Scientific Session 12 — SS12: Efficacy/Administration/Informatics - EducationWednesday, April 25, 2018
2685. Decreasing Radiology Resident Reporting Errors: A Single-Center Experience
Volin S*, Siewe D, Chapin R, Lewis M, Leddy R. Medical University of South Carolina, Charleston, SC
Address correspondence to S. Volin (email@example.com)
Objective: The technique section of the radiology report describes the methods in which the study was performed. Discrepancies between the report and the ordered study require the radiologist to generate an addendum to ensure accurate reporting and appropriate billing. An initial review at our institution revealed this to be a significant issue, causing delayed payments and hundreds of addenda monthly. Recognition of this significant but avoidable issue provided impetus for further investigation and intervention. By creating a plan to increase awareness and improve attention to detail in the technique section of the radiology report, we aimed to decrease the number of reports requiring addenda (RRA) and thus decrease the number of delayed payments.
Materials and Methods: Six months of baseline data was collected from October 2016 to March 2017, including total number of radiologic studies performed, number of RRA, number of addenda by imaging department, addenda by imaging modality, and reason for addenda. Individual resident errors were also recorded. Interventions were undertaken to educate the residents in the month of April. A presentation of the baseline data was given and the billing department provided information on improving dictation accuracy. Residents were emailed when they were responsible for an RRA. After the initial presentation in April, a monthly summary was sent to the class recapping the data, with frequent error types included. Individual resident errors were included for peer comparison. Monthly reminders about dictation errors were presented at resident conference. After the intervention, data for April 2017 to August 2017 was collected and presented in the same manner as preintervention. Our target was to decrease the percentage of RRA to below 0.50% of total studies.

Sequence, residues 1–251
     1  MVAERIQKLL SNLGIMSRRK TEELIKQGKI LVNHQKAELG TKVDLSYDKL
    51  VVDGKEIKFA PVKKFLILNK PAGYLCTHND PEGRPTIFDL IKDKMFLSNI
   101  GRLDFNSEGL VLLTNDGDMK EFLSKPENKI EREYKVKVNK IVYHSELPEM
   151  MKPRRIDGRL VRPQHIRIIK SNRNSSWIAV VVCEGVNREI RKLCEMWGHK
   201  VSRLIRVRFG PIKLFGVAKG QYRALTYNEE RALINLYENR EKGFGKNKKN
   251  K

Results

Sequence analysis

Results: The baseline data from October 2016 to March 2017 demonstrated a mean of 26,604 studies per month, with a mean of 148 RRA per month (0.56% of total studies). The highest rate of RRA was 0.59% (October and November 2016 and March 2017). The lowest rate of RRA was 0.50% (December 2016). After interventions were performed, data was collected from April to August 2017, with a mean of 24,476 studies performed per month, and a mean of 110 RRA per month (0.45% of total studies). Individual monthly data are as follows: April 0.47%; May 0.52%; June 0.47%; July 0.38%; August 0.40%. The difference between preintervention and postintervention data was statistically significant (p = 0.0367). Incorrect documentation of contrast use was the most frequent reason for RRA, and the musculoskeletal division had the highest number of RRA.
Conclusion: Increasing awareness and attention to detail when residents generate a radiology report can substantially decrease RRA thus improving workflow and decreasing delayed payments. Residents at our institution have become more accountable, thoughtful and accurate in dictating, which is supported by the statistically significant decrease in RRA. This outcome stands to prepare residents for future high volume practice where accuracy and efficiency is paramount.